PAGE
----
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William Wordsworth was born April 7, 1770 in Cookermouth, England, and he was the second of five children, to John and Ann Wordsworth. After the death of his mother when he was eight years old and his father when he was thirteen years old, William and his brothers were sent to school in Hawkshead. In Hawkshead, they boarded at the cottage of Ann Tyson. Ann Tyson treated the boys as if they were one of her own. She gave them the simple comforts of life, showed them loving affection, and let them romp around the country side to their delight. William especially loved nature and poetry more than anything else. He would spend most of his days and even "half the night" (Greenblatt et al. 243) out investigating the wonders of the English country side, feeling there was a mystical connection between nature and God. William felt that nature had healing powers, in fact, it had such a profound effect on him that he wrote about nature in most of his poems. One can directly see his love of nature in most of his writings and especially in his poetry. As he wrote, William would often reminisce of his childhood, back to a simpler time of freedom, curiosity, and nature. A direct connection established between his poetry and the impact nature had on him. (243)
While in grammar school, William found his true passion for poetry and showed a strong interest for poems and poets. One of the poets who fascinated him most was John Milton who wrote such poems as, The First Love of Adam and Eve, Light, On His Blindness. William's love of poetry and nature started when he was still a young boy. As he grew up, William went on to attend St John's College at Cambridge University to further his education and love of poetry. Every summer, William would return home to his beloved nature and spend countless hours out among the fields taking in the sights and sounds. Before Graduating from Cambridge, he took a walking tour through France, Switzerland, and Italy in 1790 with his friend Welshman Robert Jones. After his tour, William returned to France to study the language where he met and fell in love with Annette Vallon. William and Annette had an affair from which she became pregnant with his illegitimate child, a daughter born in December of 1792. Due to financial troubles, William never married Annette. Instead, he left her and his daughter in France, returning to England to write for money, and intending to come back when he could provide an exceptional life for them. Because William never returned to France to be with his love and their daughter again, he experienced great guilt and depression throughout his life, (pg. 243).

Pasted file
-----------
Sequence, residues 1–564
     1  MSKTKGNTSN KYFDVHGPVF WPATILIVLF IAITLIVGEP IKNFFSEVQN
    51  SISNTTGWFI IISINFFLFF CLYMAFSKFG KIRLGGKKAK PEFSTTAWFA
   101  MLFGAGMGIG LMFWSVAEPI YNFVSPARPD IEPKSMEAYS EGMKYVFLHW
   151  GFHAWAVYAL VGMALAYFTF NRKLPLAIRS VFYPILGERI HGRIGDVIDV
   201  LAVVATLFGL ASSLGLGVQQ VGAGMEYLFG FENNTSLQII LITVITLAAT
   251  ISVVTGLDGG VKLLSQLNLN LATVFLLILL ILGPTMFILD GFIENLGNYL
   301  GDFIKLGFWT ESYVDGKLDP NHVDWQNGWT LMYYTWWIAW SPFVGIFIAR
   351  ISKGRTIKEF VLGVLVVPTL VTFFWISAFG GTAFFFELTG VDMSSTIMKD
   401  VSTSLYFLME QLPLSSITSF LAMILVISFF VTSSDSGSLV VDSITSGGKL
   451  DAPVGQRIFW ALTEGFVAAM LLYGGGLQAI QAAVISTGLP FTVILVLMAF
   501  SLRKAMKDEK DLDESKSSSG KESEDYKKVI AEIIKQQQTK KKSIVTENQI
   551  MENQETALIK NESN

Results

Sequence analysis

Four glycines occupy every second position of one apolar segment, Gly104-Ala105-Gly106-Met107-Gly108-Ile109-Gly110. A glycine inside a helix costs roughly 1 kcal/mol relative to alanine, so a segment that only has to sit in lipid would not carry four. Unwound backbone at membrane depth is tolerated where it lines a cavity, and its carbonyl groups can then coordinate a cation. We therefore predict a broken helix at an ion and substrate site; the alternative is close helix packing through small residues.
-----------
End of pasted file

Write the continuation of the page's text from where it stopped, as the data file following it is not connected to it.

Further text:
William Wordsworth's first published works were Descriptive Sketches, and An Evening Walk, published in 1793; both were unpopular and not well received by the public (Drabble 16). In 1797, Wordsworth and Samuel Taylor Coleridge, a friend and fellow poet, co-wrote Lyrical Ballads, the first edition was published in 1798. Coleridge and Wordsworth wanted to write poetry that was in the language of the common man. They did not want their writings to be flashy in a language above the average man (Drabble 44,45). Wordsworth and Coleridge wanted everyone to share in their joy of poetry and nature. For example, Wordsworth and Coleridge show their love for nature through one their writings The Thorn. This poem is about nature imagery from nature. For example, lines six, seven, eight, and nine, "It stands erect, this aged Thorn; No leaves it has, no prickly points; It is a mass of knotted joints; A wretched thing forlorn" (George 75) One of Wordsworth's more memorable poems in the Lyrical Ballads, Lines Composed a Few Miles above Tittern Abbey, shows his love for nature (Chandler 9). In lines3, 4, &5 is an example of nature, "These waters, rolling from their mountain-springs with a soft inland murmur.-Once again Do I behold these steep and lofty cliffs." (George 91) Wordsworth writes here about his view above Tintern Abbey and how nature sets the scene for his poem (243).